Some pupils may not be able to cope with a full curriculum and may benefit from a part-time one. Consider that it is still important for a pupil on a part-time curriculum to enjoy their time at school. As well as being in school for their core subjects, can they also be present for some social interaction too, e.g. for a break, club or school trip?
Also see our section on school trips.
Due to the diverse way in which the conditions affect pupils individually, it is unlikely that all adjustments described in the toolkit will be required for all pupils with JHS or EDS although knowledge and understanding of how the sensory and social environment affects pupils is also crucial.
Research has shown that people who are hypermobile are more likely to be anxious than non-hypermobile people but the relationship is not yet understood. Similarly, some recent research suggests that people who are hypermobile may also have alterations in the ‘inner’ sense which controls awareness of hunger, thirst, needing the toilet, pain and anxiety (the interoception sense).
For example, pupils with alterations to their interoceptive sense may not be able to recognise when they are feeling anxious. They may need help to understand the link between for example, tense muscles, increased heart rate and racing thoughts and how they are feeling. This can be similar with sensing whether they are hot or cold. For example, they may know it is hot because the sun is shining and they know cognitively that the sun is often associated with heat but they may not be able to sense that they feel hot.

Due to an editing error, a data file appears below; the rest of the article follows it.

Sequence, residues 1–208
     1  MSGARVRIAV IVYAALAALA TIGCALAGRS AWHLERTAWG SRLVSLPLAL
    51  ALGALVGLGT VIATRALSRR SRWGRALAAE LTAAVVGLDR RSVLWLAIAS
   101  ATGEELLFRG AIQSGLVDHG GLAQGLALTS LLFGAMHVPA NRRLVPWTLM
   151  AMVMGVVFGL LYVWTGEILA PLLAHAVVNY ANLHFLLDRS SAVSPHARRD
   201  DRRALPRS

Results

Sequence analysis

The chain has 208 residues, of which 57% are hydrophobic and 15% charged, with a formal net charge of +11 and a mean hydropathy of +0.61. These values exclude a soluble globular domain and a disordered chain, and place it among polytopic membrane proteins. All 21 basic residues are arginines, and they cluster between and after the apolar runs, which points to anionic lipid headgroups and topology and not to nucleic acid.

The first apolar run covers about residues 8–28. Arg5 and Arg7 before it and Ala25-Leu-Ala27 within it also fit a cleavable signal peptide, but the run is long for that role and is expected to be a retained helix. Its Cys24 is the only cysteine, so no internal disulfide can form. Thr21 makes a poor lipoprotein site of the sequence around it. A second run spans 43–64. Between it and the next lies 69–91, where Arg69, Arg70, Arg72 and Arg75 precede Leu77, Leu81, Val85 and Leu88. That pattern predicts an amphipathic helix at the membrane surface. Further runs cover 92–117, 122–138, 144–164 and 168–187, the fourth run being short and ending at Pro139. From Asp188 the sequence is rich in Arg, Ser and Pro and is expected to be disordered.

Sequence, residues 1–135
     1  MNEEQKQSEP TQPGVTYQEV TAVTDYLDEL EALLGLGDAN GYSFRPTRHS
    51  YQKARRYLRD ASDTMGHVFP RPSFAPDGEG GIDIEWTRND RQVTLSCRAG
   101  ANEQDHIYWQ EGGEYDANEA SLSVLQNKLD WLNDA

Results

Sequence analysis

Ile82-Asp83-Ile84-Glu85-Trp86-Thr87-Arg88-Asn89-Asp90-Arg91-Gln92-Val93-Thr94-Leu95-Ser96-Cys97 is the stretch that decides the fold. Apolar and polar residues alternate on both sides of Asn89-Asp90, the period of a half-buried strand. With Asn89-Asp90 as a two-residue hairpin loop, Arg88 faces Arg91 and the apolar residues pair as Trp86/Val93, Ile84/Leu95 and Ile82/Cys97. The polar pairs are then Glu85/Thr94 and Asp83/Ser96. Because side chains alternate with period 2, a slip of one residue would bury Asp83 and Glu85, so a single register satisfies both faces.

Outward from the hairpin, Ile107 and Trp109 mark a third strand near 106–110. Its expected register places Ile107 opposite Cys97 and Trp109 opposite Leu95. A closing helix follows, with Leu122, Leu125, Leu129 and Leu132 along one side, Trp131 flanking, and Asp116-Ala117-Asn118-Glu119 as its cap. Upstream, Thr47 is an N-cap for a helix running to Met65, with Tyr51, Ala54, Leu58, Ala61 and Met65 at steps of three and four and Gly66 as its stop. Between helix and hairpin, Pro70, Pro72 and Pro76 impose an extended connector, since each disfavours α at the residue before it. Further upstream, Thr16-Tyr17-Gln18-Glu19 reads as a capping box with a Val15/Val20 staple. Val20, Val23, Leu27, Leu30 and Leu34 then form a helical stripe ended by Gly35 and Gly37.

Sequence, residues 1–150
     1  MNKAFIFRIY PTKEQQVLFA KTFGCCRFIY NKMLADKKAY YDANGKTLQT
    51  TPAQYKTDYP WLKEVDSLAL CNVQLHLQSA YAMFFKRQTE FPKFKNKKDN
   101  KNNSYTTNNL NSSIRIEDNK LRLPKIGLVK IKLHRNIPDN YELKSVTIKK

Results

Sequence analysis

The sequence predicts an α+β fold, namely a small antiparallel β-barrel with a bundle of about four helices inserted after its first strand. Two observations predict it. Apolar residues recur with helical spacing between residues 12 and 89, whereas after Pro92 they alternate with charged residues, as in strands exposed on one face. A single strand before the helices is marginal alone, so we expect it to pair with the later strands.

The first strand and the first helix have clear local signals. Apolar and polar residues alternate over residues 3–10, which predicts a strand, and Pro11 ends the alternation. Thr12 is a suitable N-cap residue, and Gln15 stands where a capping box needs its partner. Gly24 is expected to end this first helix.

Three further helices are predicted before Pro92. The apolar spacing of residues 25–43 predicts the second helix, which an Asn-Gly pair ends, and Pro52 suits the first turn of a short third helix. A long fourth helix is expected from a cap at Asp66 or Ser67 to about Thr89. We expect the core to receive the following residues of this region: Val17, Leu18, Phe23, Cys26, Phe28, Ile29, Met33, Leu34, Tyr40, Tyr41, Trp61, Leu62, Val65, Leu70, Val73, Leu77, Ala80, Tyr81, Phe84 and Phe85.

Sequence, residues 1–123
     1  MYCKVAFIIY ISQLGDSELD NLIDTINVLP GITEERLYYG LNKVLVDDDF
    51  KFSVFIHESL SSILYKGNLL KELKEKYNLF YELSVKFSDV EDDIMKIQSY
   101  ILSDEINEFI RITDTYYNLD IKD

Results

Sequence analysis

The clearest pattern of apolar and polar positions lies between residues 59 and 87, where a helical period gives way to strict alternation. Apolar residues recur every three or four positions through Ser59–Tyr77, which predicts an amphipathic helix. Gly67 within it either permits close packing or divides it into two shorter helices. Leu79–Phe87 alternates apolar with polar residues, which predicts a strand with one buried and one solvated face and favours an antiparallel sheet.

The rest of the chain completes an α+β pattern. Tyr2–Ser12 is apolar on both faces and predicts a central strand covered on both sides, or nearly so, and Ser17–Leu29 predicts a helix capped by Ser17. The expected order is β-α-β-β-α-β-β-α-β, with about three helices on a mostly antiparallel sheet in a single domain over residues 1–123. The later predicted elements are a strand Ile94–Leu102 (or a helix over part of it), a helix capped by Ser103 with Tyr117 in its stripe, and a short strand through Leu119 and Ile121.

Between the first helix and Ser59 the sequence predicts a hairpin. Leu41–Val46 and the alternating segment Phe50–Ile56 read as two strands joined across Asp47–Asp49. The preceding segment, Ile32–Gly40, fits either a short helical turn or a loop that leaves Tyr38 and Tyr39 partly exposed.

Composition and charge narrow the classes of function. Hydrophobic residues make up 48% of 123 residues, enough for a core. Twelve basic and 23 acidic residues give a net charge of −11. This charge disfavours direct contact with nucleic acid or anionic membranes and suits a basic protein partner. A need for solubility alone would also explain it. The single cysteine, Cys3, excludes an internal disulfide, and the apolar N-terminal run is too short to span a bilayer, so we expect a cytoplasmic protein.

Support with altered interoception is only needed if behaviour is problematic. Adjustments to tasks or the environment can increase participation and functioning and reduce distress.
The more practice pupils can get of predicting these interoception inner senses, the better they will become at predicting, knowing and also understanding situations and how they are feeling. Training on interoception senses and awareness of self may be beneficial for themselves and others.
Adjustments in the classroom could include:
The pupil profiles in the resources section can help to establish a pupil’s sensory needs or preferences.
Some pupils may need some flexibility in what they are allowed to wear for school if there is a uniform. For example, braces worn to stabilise joints may be difficult to fit under school trousers or shirts; boots rather than shoes may be needed to support unstable ankle joints. Some pupils may need to wear orthotics (insoles) in their shoes.
Supportive or compression garments (worn under clothes) are also increasingly being used by people with JHS and EDS. These are useful as they seem to help to improve the sense of where the limbs are in space (proprioception) and may help with other symptoms related to blood circulation.